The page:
Antenna factor

In electromagnetics, the antenna factor is defined as the ratio of the electric field strength to the voltage V (units: V or μV) induced across the terminals of an antenna. The voltage measured at the output terminals of an antenna is not the actual field intensity due to actual antenna gain, aperture characteristics, and loading effects.[1]

For an electric field antenna, the field strength is in units of V/m or μV/m and the resulting antenna factor AF is in units of 1/m:

If all quantities are expressed logarithmically in decibels instead of SI units, the above equation becomes

For a magnetic field antenna, the field strength is in units of A/m and the resulting antenna factor is in units of A/(Vm). For the relationship between the electric and magnetic fields, see the impedance of free space.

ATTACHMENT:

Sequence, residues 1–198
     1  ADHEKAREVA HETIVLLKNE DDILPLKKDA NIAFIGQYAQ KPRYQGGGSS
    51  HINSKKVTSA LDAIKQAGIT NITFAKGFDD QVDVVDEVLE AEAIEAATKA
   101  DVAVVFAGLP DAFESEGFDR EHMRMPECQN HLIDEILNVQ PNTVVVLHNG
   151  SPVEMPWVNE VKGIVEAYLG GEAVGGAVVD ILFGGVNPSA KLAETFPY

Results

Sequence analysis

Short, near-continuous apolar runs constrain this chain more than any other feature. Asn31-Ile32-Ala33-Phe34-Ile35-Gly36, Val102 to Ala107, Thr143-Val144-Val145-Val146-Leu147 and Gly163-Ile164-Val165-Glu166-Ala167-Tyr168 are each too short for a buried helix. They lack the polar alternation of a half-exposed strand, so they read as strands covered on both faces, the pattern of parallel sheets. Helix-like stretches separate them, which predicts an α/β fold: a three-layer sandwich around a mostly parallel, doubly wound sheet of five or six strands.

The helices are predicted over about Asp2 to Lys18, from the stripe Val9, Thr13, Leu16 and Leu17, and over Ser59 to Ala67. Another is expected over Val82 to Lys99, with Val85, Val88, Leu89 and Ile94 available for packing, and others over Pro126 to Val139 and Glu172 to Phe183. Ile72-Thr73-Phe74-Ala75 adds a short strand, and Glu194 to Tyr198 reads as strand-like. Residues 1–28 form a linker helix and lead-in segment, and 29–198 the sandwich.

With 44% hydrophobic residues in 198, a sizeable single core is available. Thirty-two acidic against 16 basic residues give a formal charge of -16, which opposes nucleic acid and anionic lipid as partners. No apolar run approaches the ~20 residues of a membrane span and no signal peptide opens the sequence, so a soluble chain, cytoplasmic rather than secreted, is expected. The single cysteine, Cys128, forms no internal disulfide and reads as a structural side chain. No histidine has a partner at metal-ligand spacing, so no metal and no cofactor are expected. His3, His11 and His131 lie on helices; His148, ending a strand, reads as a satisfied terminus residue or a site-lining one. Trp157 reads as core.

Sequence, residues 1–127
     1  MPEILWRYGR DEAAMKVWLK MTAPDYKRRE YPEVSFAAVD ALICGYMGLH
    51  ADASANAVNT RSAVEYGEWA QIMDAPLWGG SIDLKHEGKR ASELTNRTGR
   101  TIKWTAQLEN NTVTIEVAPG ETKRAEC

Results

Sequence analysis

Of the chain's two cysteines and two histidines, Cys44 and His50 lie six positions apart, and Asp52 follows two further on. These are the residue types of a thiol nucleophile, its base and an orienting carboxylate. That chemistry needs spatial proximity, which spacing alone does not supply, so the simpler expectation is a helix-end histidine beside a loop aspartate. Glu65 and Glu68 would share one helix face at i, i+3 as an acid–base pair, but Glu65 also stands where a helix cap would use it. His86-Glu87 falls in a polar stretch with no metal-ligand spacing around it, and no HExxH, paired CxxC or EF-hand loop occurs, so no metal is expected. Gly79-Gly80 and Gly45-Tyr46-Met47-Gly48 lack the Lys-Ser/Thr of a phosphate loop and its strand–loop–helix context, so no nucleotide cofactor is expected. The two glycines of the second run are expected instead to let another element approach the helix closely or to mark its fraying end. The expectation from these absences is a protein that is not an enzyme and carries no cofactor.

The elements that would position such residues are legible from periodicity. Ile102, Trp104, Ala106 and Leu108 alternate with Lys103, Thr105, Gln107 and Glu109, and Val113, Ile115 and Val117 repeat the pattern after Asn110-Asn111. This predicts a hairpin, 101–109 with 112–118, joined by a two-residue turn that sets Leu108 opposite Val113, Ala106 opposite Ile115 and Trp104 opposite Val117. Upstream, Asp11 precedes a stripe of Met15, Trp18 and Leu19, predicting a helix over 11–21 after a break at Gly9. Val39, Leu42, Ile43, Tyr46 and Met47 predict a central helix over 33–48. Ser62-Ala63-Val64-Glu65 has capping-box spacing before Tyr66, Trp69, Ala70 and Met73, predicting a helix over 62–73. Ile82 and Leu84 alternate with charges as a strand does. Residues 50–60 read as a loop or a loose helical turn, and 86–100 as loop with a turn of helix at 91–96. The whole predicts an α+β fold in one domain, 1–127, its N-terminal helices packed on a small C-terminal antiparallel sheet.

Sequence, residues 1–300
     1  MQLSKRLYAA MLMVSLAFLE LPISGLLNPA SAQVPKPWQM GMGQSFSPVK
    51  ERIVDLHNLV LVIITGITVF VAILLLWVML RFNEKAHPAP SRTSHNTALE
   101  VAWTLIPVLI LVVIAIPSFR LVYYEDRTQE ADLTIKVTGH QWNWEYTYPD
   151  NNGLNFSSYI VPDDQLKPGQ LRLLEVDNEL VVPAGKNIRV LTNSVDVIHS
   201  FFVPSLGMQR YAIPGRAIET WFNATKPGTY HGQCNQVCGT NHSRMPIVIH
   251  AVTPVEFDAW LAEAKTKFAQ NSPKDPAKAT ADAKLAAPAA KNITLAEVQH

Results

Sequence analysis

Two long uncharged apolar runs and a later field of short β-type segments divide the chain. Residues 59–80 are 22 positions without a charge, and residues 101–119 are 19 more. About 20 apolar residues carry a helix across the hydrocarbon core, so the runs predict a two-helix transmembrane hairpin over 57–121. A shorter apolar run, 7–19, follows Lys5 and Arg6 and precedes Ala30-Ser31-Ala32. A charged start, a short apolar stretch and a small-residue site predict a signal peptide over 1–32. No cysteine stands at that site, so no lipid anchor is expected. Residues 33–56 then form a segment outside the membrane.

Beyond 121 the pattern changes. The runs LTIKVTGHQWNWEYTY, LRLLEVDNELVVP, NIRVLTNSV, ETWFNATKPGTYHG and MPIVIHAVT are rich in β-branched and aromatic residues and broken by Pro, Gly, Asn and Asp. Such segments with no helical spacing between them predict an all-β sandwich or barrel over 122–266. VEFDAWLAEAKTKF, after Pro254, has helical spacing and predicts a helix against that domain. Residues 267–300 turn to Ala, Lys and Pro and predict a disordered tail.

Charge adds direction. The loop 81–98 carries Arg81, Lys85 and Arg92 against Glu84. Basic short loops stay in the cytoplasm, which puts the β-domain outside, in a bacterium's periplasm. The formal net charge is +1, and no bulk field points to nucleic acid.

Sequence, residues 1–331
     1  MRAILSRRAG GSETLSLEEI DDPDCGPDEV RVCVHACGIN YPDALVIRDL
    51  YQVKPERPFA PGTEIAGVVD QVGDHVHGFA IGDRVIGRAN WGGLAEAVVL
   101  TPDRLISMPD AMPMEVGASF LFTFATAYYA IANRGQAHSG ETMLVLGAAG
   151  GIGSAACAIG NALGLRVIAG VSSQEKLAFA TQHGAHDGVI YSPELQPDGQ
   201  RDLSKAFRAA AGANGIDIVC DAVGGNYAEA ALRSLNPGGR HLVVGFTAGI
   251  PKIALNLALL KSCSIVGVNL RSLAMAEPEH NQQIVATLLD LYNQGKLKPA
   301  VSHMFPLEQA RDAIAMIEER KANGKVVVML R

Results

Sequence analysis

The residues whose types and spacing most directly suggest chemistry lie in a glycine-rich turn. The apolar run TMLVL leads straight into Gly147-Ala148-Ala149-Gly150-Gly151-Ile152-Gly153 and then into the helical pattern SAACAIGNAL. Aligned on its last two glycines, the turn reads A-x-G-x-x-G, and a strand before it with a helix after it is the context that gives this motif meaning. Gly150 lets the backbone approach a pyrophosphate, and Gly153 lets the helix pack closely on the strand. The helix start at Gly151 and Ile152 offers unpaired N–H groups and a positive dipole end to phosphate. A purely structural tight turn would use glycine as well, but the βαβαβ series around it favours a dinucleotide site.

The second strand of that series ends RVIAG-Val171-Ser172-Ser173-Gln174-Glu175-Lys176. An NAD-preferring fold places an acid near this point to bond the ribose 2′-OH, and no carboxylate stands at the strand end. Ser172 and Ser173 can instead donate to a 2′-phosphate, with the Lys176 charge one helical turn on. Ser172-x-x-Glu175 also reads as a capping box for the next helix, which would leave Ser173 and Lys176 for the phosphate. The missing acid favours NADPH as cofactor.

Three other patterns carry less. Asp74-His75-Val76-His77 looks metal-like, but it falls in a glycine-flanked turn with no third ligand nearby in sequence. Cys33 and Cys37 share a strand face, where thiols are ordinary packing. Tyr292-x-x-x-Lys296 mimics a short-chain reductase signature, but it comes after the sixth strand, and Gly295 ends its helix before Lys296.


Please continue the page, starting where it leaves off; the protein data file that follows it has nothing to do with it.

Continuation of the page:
For a 50 Ω load, knowing that PD Ae = Pr = V2/R and E2= PD ~ 377PD (E and V noted here are the RMS values averaged over time), the antenna factor is developed as:


  • Ae = (λ2G)/4π : the antenna effective aperture
  • PD is the power density in watts per unit area
  • Pr is the power delivered into the load resistance presented by the receiver (normally 50 ohms)
  • G: the antenna gain
  • is the magnetic constant
  • is the electric constant

For antennas which are not defined by a physical area, such as monopoles and dipoles consisting of thin rod conductors, the effective length is used to measure the ratio between E and V.


  1. Electronic Warfare and Radar Systems - Engineering Handbook (4th ed.). US Naval Air Warfare Center Weapons Division. 2013. p. 192.


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